Samurai Gourmet: Thank Netflix for giving a platform to this 60-year-old Japanese retiree, who investigates restaurants in his own neighborhood, frequently accompanied by a fictional samurai friend.
Beyond Meat: Positioned as the “Future of Protein,” this L.A. organization is devoted to creating mass-market solutions for replacing animal protein with that of plants — and already has Beastly Burgers (featuring non-GMO protein from peas) and Beyond Chicken Strips (comprised of non-GMO soy) in places like Wegman’s, Kroger, Safeway and Ralph’s.
Farmer’s Fridge: Originally based in Chicago, there are plans to launch 200 new locations of Farmer’s Fridge throughout the Midwest; so look for a salad-stocked vending machine (easily accessed by a touch screen or app) to appear in a neighborhood near you.
Habit: With the motto “Food, Personalized,” Habit eschews the one-size-fits-all nutrition plan approach by collecting patrons’ bio samples and using them to determine how their body responds to food. Depending on the results, users are assigned eating plans and habit coaches, as well as optional meal delivery featuring dishes that are tailored to one’s biology and contain an ideal ratio of protein, carbs and fat.
Impossible Foods: Also seeking to make the global food system more sustainable by addressing our obsession with animal protein, this start-up has famously created the Impossible Burger, which looks, tastes and even bleeds like your standard beef patty, but uses 95% less land, 74% less water, and creates 87% less greenhouse gas emissions than the average cow.
Modern Meadow: While a number of companies are focused on turning the tide against eating animals, Modern Meadow is ingeniously tackling the issue of wearing it. Using living cells to grow nature’s materials, the team makes biofabricated leather entirely free of animals.
Heritage Radio Network: Situated inside of two recycled shipping containers inside Roberta’s Pizza, the pioneering radio station combines entertainment with advocacy, through programming like Eating Matters (in conversation with food policy experts and leaders), What Doesn’t Kill You (which examines how to ethically feed future generations), and Food Without Borders; highlighting immigrants’ positive contributions to our food system.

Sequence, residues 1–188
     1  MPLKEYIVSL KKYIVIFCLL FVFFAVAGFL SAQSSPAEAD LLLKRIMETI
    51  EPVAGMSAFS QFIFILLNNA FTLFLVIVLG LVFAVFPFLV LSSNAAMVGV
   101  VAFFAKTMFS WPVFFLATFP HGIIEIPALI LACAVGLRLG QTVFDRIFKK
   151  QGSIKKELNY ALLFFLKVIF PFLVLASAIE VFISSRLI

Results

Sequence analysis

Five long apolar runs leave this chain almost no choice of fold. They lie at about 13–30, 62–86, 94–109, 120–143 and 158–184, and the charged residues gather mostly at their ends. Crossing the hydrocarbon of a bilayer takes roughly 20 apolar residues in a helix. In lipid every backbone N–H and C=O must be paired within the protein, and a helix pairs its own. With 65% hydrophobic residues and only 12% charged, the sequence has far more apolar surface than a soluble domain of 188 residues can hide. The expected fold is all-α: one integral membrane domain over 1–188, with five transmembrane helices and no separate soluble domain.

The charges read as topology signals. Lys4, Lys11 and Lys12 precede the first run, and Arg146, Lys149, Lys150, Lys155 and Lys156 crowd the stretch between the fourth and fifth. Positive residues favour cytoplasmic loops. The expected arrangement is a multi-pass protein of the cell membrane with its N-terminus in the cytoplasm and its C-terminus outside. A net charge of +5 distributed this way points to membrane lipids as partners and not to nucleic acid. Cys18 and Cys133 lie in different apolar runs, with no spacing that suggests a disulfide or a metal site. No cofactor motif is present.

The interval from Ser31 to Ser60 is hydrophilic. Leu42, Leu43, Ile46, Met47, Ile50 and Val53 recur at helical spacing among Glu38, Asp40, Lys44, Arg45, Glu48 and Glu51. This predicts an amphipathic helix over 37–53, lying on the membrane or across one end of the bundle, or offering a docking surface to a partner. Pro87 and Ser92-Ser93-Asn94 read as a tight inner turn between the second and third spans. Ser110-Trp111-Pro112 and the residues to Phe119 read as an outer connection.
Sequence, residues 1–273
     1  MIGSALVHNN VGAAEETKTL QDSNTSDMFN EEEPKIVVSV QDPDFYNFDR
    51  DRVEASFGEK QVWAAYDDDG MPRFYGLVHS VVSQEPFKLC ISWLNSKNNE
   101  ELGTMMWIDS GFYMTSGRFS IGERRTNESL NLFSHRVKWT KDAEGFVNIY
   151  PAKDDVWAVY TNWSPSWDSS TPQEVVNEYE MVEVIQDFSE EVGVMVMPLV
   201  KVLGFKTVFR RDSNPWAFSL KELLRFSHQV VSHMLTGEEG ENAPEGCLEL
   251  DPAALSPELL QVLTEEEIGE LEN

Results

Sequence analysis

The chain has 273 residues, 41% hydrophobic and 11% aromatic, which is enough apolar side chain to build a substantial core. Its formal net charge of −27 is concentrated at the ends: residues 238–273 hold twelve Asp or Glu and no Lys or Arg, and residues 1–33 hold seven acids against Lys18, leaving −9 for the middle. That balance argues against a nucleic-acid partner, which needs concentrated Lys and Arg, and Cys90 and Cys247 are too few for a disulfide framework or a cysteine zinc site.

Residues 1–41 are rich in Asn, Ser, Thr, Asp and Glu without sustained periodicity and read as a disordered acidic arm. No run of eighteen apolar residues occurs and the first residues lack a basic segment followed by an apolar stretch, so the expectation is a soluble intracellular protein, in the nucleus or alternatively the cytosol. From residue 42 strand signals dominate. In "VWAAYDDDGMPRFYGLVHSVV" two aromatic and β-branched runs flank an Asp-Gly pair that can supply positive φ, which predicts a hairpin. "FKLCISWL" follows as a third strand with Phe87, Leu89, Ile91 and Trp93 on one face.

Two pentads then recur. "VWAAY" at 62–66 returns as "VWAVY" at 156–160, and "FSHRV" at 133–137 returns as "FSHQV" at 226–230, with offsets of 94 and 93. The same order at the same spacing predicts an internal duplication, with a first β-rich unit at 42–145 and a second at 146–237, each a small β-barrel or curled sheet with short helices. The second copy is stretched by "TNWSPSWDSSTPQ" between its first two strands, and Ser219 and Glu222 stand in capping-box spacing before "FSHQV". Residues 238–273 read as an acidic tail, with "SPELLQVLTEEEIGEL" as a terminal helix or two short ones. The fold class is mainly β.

No Kid Hungry: Devoted to ending childhood hunger in America, No Kid Hungry and Share Our Strength are behind multiple initiatives, including Cooking Matters (giving families the tools they need to stretch their food budgets), and fundraisers to launch school breakfast programs.
Pilot Light: Pilot Light supports sustainable, income generating projects in Africa, based on the idea of small sparks that can grow into a larger fire that burns on its own after we are gone. Achievements include the Youth with Disability Entrepreneurs Program, the Mother & Child Development Center, and the Women’s Vegetable Farmer Cooperative in Uganda.
The Melting Pot Foundation: Originating in Denmark, expanding to Bolivia, and now in Brooklyn, Claus Meyer’s Melting Pot provides education and opportunity through culinary programs, cooking schools and full-on restaurants for refugees, immigrants, low-income communities, and individuals with criminal backgrounds.
The Patachou Foundation: Patachou prepares and serves healthy meals to children impacted by homelessness and hunger in food insecure areas and under-resourced neighborhoods like Indianapolis, which has been ranked the worst city in the nation for access to fresh food.